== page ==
Am I in Control? A Physician’s Guide to Management Services Arrangements
Forming a management services arrangement can relieve licensed practice owners of many day-to-day operational headaches. But how much control of the practice will you have to give up?
You’re a physician who owns a private practice. A business approaches you and offers to provide your practice’s administrative, billing, and supply management services — what’s called a management services arrangement. The offer is fair, and you would love to be able to focus more on treating patients and growing your practice. At the same time, you’re proud of the business you’ve built and want to have some control over its operation. Before you accept the terms of the management services agreement, what do you need to know?
What is a Management Services Agreement?
A management services agreement (MSA) is a complex contract establishing a business relationship between a medical practice owned by a licensed professional and a non-professional business entity (the manager). The MSA typically outlines which functions the manager will oversee and which the medical practice will manage. It is worth noting, however, that MSAs are not specific to medical practices and span virtually every healthcare setting.
For a more in-depth discussion of MSAs, please read our article, “Management Services Agreements in Healthcare.”
What will I manage under the MSA?
One of the primary purposes of an MSA is to delegate management responsibilities between the manager and the practice. The arrangement aims to relieve the practice owner of the stress of running an office in a way that maintains regulatory compliance. Thus, the extent of the split is typically driven by the parties, subject to state law limitations.
In some states, the split can be straightforward. The manager can contract to be responsible for all non-professional responsibilities for the practice, like managing billing services, receptionist services, administrative services, as well as office maintenance and staffing needs. Meanwhile, the practice oversees all the professional responsibilities, like providing patient care and delegating work to healthcare professionals as necessary according to relevant healthcare laws.
In other states, however, the split must adhere to additional regulatory prohibitions. For example, some states prevent the manager from touching the practice’s finances or having any say in professional decisions made by the physician and the practice generally. In these states, the physician must retain the responsibility of managing the practice’s finances. This prohibition is recognized in the healthcare industry as the Corporate Practice of Medicine (CPOM) doctrine, and it can bring significant legal consequences if not navigated correctly.
Under the CPOM doctrine, non-professional business entities and non-professionals (i.e., those without professional licenses) are prohibited from hiring physicians to render professional medical services. The doctrine seeks to prevent non-physicians from influencing and interfering with a physician’s independent medical judgment. The result is that the practice retains complete control of any fees paid for professional services.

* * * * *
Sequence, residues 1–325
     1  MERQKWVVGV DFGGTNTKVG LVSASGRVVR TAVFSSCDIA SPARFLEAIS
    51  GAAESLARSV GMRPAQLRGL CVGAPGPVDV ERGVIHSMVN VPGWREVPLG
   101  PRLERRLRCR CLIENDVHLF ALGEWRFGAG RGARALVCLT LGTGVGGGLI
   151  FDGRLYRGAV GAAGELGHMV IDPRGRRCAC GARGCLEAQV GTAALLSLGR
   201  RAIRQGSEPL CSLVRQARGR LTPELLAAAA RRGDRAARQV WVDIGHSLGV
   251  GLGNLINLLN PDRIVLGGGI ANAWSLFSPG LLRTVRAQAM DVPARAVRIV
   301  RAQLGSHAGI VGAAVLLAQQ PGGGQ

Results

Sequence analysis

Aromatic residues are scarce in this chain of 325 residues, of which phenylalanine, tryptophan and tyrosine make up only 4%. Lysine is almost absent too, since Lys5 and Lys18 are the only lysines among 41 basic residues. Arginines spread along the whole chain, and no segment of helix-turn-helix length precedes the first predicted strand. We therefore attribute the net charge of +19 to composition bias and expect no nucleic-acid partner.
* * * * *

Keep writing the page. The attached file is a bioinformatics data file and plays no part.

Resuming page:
See the video: The Corporate Practice of Medicine in Illinois
How much control can I have over the operation of my practice?
Management services agreements are contracts; thus, many responsibilities can be negotiated. However, as a physician, you can expect to retain control of all healthcare decisions for your patients, including choosing treatment methods and delegating medical tasks to others as allowed by state law. State laws outline the limitations of non-professionals to influence these actions, and many states expressly prohibit non-professionals from dictating how physicians and other licensed professionals perform these responsibilities.
The other responsibilities are a matter for discussion between the manager and the practice. Many licensed professionals are eager to move all functions the state allows to the manager. Others want to retain control over some of the non-medical functions within the practice. The MSA’s terms will dictate the physician’s degree of control over such functions. Thus, crafting an MSA that anticipates all potential areas of confusion or dispute is essential.
Get Legal Help
Negotiating your needs can be a difficult task to handle alone, especially if the other party has legal counsel. Moreover, MSAs are complex contracts requiring review by an attorney familiar with such agreements.
The experienced negotiators at Jackson LLP can help you reach common ground, secure the control you desire, navigate your state’s CPOM restrictions, and give you peace of mind. If you operate in one of the states where we practice, set up a free consultation call to discuss how we may assist you.
This blog is made for educational purposes and is not intended to be specific legal advice to any particular person. It does not create an attorney-client relationship between our firm and the reader. It should not be used as a substitute for competent legal advice from a licensed attorney in your jurisdiction.